even before we come, we can identify other issues that we need to plug

into this.

   One of the things that we always struggle is how do we make our voice

within this room visible to the overall participants here at the forum.

Right?

   We know we are being transcribed. This will appear in the

publication. Probably six months later. And probably .01 percent of

the participants will have a chance to read it.

   So we do really want to make a difference through this coalition.

The reason why you are here, you are all very, very prominent members

of the -- you know, of the coalition. And you are very, very prominent

members of the world in terms of the work that you do.

   So the urge here is to how do we make the participation count and to

make a difference, you know?

   And that's an appeal from us as the chair and so -- I see a hand.

Preetam, if you can share your thoughts.

   >> PREETAM MALOOR: Just a general thought, Anjan. We are making the

IT initiative page, as a platform for sharing information. And also

sharing tools, of course. So we would be happy to make that available

to the Dynamic Coalition and the core partners.

   Thanks.

   >> ANJAN BOSE: Thank you for that kind offer. And we will explore.

These are the kind of contributions each member can bring in and offer,

both in the terms of the experience, in terms of the resources.

   Even when we go back, how do we take this issue to our own

governments, for example?

   Because it has to be replicated, it has to be reflected in the work

that we do.

   So I think we had -- yes, Jutta?

   >> JUTTA CROLL: I just wanted to pick up that point regards how do

we convince our local governments, our national governments to put more

resources into the work of law enforcement?

   I think that's also works, to have a little bit of exchange about

that topic much but that maybe could not take place on an online

platform. It must be more like a personal chat to each other. Because

I think it's not the problem that the government understands that there

are more resources needed for law enforcement, but once they say

officially there are more resources needed, that would be admitting

that there have been not enough resources put into law enforcement in

the first time. And that could not be done in the public or

officially.

   So it needs a little bit of diplomatic exchange maybe, and that could

also be point of an exchange to learn about the approach, strategies

that have been used in other countries.

   >> JOHN CAR: Certainly a very important strategy for us was getting

the police to tell us the truth. Without the truth you're hobbled. We

have a legal system. I think -- is there any country here that doesn't

have an official system for requiring public authorities to disclose

information?

   We call it the Freedom of Information provision.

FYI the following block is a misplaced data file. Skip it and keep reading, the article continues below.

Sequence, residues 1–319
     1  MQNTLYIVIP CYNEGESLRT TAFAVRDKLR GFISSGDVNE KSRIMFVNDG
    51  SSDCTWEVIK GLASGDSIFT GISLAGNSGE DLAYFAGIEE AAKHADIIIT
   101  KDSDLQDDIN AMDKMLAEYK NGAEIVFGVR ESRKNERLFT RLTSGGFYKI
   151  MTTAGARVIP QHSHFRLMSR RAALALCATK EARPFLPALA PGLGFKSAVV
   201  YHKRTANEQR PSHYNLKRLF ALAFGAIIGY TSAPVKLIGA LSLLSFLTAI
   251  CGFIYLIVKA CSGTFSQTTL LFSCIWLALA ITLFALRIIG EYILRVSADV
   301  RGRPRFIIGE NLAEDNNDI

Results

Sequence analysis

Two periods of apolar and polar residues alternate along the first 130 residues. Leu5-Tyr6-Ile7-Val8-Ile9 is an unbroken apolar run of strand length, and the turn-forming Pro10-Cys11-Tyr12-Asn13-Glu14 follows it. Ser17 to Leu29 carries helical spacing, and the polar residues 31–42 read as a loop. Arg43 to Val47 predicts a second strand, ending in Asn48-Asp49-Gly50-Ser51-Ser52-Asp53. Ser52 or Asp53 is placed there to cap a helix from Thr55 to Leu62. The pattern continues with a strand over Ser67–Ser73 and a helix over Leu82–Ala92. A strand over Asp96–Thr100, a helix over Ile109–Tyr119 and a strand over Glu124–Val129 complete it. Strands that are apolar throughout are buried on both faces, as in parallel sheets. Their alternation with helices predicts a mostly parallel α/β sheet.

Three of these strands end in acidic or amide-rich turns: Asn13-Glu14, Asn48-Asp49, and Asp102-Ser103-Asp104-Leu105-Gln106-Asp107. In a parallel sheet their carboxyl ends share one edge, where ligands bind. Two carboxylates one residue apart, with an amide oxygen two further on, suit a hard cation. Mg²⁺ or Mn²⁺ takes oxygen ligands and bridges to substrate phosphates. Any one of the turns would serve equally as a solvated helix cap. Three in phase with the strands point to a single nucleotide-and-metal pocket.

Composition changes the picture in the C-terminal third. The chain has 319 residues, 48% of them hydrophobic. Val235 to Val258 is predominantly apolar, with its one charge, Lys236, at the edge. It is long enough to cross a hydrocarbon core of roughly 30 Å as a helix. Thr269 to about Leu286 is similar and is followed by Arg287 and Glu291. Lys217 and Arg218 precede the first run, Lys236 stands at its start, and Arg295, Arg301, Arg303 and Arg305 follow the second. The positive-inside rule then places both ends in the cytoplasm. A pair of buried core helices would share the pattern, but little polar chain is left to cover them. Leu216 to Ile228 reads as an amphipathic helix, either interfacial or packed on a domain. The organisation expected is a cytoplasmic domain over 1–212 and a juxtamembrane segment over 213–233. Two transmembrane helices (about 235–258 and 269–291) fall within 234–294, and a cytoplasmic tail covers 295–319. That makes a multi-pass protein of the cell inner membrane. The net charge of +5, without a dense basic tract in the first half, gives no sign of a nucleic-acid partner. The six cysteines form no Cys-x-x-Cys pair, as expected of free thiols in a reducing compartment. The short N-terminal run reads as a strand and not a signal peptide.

So if the police -- if you don't know the truth about what's going on

in your country, it's very hard to go to the government, you know, and

just say, hey, we need more.

   Everybody -- anybody and everybody can say that. Otherwise you need

to develop your resources inside the police service to get the

information out.

   >> ANJAN BOSE: Just to respond to John, I'm not many -- not many

countries in the developing region has this Information Act that forces

ultimately them to release the information to the public. But

definitely way to go. Yes, Jutta did say -- any questions?

   Thank you; Jacqueline.

   >> JACQUELINE BEAUCHERE: Thank you, Anjan. And thank you all the

panelists for some great information which is definitely complementing

a lot of the efforts we have underway at Microsoft.

   Just a few weeks ago we had a visit from COP, the Child Exploitation

and Online Protection Centre in the U.K. I would like to add a couple

statics to the record to what John said. In addition to the 50,000

U.K.-based individuals currently thought to be involved in sharing

indecent images of children, they also talked about 4 million indecent

images found in the collection of just one offender in 2002. And they

also talked about 424 child victims in a single case earlier this year.

   So that just goes to underscore the level of the problem at that

we're talking about here.

   What I can offer from Microsoft is we have, as John mentioned, our

photo DNA technology. We have a one-pager, what we call, available

online for those who are not familiar with the technology and how you

can evangelize it and hopefully use it within your countries, within

various organizations. If you would like that link, we can certainly

provide it.

   I'm also saying that we are always looking for new applications and

ways to extend and advance the photo DNA technologies much so please

share with us any ideas you might have in that regard. I can speak for

my colleagues in the digital crimes unit who own that technology, are

responsible for that technology.

   And finally, from a measurement perspective, this is something I

would like to put out to all of you on the panel. We have something

that Kim and I directly control called the Microsoft Computing Safety

Index. And it's a gauge of consumer online habits and practices at the

technical level, at something beyond the technical level, and then at

something at the behavioral and sort of information level.